Elton John and Tim Rice’s Aida

Austene Van (Aida) and Jared Oxborough (Radames). Photo by Michal Daniel.

Austene Van (Aida) and Jared Oxborough (Radames). Photo by Michal Daniel.

In the new production of Elton John and Tim Rice’s Aida, the Hennepin Theatre Trust and Theater Latté Da present us with an excellent performance of a deeply problematic musical. The show opens a new collaborative series between the HTT and Latté Da called Broadway Re-Imagined, which casts local Minnesota talent in high-profile Broadway shows under Peter Rothstein‘s direction, rather than relying primarily on touring companies from New York, Chicago, or Los Angeles. It is a smart move, since Aida  proves that we have no need to look elsewhere; with the abundance of talent on the Pantages stage, you will quickly forget that this is not the Broadway touring cast.

Leading the pack is Austene Van as the title character, an enslaved Nubian princess whose forbidden love affair with her captor is the musical’s central conflict. Van has the kind of powerful singing voice that calls a full audience to attention, and she backs up her vocal abilities with a strong physicality and expressive face that take us believably into her struggles between love, loyalty, and duty. Jared Oxborough is less magnetic as Radames, her love interest: though his singing is also irreproachable, his moral transformation is unconvincing and occasionally had me wondering whether his actions were motivated by genuine love or simple lust for perceived exoticism.

Speaking of transformations, Cat Brindisi is a vocal and theatrical scene-stealer as Amneris, the future Pharaoh whose betrayal by Radames motivates her to grow from vapid fashionista to competent ruler. Although her part is not fully fleshed out in the script, Brindisi takes Amneris seriously as she learns to think critically not only about her fiancé, but also about the problematic source of her prized accessories and her future role as a leader.

The ensemble cast all deliver energetic and engaging performances, including the top-notch on-stage orchestra and some stand-out acrobatics by José Bueno and Justen Pohl. (I can’t say the two chiseled men in skin-tight pants undulating into gravity-defying poses around an aerial hoop has anything to do with Aida‘s plot or thematic approach, but I certainly won’t complain.)

Despite the overall excellence of the entire cast and design team, some elements of the play itself made me downright uncomfortable, beginning with the choice to uncritically cast white actors in the roles of the Egyptian masters, with most of the Nubian slaves played by non-white performers. Although this may have been the casting in the original Broadway production (and, quite possibly, the intent of the opera on which it was based), the narrative in which the exotic slave woman transforms her white master is tired and borders on offensive – even more so in this script, because Aida’s love for Radames comes across as fairly unmotivated.

If the racial implications are problematic, so too are the gender dynamics, with an opening number that strays uncomfortably close to sexual violence without doing enough to condemn the perpetrators in the eyes of the audience. As the male ensemble rounds up a group of cowering female slaves to the repeated tune of “fortune favors the brave,” I could only hope that the line was meant critically (but feared that it was not given a second thought). The power difference between Radames and Aida also leads to some moments where implications of rape and reluctant consent are played for the relief of the audience – oh, of course the half-naked Radames was just going to make Aida wash his back, because he’s secretly such a great guy (how could we possibly have imagined someone would take advantage of a privileged position in such a despicable way?).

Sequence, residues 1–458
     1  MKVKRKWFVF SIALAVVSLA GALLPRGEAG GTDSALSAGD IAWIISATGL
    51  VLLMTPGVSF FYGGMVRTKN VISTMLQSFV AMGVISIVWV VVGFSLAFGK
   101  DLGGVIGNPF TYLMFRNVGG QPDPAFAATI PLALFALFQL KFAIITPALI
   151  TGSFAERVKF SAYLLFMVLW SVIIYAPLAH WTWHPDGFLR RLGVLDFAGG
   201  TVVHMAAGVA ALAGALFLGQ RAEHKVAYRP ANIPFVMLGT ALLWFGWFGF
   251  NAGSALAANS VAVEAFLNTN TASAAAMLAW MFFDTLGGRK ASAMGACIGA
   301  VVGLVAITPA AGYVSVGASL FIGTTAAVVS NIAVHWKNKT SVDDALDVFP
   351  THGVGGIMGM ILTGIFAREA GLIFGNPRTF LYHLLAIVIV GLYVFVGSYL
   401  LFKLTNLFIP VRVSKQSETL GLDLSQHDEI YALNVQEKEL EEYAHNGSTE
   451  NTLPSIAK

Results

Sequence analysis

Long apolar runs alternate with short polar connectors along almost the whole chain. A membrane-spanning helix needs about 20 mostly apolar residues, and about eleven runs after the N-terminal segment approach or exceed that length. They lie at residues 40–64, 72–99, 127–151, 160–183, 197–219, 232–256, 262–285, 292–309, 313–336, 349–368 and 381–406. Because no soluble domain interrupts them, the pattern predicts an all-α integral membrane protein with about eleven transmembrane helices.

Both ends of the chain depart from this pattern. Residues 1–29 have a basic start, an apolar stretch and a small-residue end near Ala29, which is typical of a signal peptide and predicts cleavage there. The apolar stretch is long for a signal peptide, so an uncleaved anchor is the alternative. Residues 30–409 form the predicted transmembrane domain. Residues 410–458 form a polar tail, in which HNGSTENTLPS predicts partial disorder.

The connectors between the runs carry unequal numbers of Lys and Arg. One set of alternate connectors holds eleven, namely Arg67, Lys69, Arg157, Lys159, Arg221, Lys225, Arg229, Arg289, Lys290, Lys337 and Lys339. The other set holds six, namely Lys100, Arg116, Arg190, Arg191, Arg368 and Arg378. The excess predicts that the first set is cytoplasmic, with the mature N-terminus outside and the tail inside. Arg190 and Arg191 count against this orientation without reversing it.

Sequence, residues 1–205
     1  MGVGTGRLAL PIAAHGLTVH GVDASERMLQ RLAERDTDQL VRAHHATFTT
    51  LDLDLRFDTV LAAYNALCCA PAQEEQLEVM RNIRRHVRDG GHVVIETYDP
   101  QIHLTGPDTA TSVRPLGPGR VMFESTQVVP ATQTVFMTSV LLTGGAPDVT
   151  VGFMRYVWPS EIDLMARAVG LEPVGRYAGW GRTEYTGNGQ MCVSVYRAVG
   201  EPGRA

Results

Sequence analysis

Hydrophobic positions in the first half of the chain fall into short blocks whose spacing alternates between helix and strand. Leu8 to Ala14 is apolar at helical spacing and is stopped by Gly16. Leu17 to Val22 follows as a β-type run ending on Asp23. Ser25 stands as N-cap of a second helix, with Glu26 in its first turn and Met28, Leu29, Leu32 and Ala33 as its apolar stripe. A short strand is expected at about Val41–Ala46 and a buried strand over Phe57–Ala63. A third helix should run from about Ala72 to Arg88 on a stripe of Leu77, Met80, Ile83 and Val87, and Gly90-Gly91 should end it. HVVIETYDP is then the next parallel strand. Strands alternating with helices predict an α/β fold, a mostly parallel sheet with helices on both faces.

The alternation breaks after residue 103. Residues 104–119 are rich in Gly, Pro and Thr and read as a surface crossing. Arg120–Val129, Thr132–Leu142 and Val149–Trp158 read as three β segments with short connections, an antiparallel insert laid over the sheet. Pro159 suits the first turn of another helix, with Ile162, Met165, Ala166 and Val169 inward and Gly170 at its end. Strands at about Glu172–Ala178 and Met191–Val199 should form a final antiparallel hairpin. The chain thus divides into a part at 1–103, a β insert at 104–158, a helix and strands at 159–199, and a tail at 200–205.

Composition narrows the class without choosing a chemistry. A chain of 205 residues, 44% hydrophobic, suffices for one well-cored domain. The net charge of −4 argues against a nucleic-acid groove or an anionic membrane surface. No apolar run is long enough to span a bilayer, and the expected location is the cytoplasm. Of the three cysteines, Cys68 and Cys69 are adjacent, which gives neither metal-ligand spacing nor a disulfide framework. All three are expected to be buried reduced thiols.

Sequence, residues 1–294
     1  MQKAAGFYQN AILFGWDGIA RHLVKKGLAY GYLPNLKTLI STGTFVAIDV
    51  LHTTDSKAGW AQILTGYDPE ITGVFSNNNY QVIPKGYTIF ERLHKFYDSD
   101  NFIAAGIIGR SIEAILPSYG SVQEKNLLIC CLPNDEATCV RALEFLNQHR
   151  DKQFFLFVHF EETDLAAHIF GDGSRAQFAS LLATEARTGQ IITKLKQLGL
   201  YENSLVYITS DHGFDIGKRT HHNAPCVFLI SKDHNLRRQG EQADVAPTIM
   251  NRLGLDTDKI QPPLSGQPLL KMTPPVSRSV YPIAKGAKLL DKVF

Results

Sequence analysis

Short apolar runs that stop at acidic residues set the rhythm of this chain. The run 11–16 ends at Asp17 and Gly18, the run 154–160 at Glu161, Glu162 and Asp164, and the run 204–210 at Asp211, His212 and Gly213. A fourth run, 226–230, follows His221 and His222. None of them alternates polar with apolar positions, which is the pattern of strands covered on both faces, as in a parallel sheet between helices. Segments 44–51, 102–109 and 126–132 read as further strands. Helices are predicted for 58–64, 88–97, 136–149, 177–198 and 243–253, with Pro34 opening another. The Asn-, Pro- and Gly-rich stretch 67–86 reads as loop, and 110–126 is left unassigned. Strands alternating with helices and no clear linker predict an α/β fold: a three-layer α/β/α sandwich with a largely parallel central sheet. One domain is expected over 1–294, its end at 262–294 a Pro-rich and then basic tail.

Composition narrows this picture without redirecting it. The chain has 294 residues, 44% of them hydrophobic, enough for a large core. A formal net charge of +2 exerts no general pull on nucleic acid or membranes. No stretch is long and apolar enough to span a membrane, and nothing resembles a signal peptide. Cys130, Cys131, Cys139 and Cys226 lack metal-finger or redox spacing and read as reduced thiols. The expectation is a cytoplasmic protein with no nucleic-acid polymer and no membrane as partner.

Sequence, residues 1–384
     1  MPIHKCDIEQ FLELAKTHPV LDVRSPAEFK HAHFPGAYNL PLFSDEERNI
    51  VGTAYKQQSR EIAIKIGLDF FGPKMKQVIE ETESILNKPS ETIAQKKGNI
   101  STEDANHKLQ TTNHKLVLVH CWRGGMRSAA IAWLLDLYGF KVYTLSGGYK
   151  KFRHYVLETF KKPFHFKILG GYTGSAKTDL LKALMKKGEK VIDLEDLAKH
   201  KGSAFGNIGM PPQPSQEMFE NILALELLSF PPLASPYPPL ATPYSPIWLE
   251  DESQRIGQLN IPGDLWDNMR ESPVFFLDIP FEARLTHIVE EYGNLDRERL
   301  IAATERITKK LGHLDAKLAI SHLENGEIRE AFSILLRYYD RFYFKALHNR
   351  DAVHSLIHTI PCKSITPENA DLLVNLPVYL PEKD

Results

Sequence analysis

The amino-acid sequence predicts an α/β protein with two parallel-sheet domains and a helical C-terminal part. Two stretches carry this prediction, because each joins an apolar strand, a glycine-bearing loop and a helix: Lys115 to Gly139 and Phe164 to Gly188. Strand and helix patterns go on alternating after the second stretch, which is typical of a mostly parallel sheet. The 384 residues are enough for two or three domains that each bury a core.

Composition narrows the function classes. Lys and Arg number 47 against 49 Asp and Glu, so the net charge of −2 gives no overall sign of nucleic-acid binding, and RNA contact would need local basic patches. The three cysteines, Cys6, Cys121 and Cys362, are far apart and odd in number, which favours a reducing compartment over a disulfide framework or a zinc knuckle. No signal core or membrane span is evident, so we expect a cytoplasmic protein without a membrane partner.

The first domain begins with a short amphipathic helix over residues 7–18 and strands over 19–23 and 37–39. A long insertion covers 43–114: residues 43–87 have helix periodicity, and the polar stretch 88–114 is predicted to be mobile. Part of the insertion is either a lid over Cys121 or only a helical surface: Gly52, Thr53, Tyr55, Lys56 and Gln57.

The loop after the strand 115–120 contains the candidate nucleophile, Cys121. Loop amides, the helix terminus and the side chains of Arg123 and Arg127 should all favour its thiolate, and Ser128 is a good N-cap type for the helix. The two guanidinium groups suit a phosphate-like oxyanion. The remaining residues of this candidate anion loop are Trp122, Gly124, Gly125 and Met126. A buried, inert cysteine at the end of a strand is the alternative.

My initial urge is to reproach myself for being so critical of the politics of musical theatre – a genre that, like opera before it, exists in large part for the entertainment value of a good tug at our collective heartstrings. But in a medium with such a powerful capacity to elicit strong emotion, why shouldn’t we expect more? Musical theater – and indeed, the title “Broadway Re-Imagined” itself – holds a rich potential for bold, provocative choices. Now that the local direction and performers have proven themselves to be more than capable of winning their audience’s sympathies, they have an opportunity to challenge the Broadway classics and ask more interesting questions of their viewers. Let’s see how far this “re-imagining” is willing to go.

Elton John and Tim Rice’s Aida, presented by Hennepin Theatre Trust and Theater Latté Da, performed by the Hardcover Theater at Hennepin Theatre Trust’s Pantages Theatre, 710 Hennepin Avenue, Mpls., 55403. January 3–27, 2012.  Tickets $24-$59 (subject to change) depending on performance time and seating preference. Tickets may be purchased in person at the State Theatre Box Office (805 Hennepin Avenue, Mpls.,55402, no service fees), online at HennepinTheatreTrust.org or through Ticketmaster by calling 1.800.982.2787.

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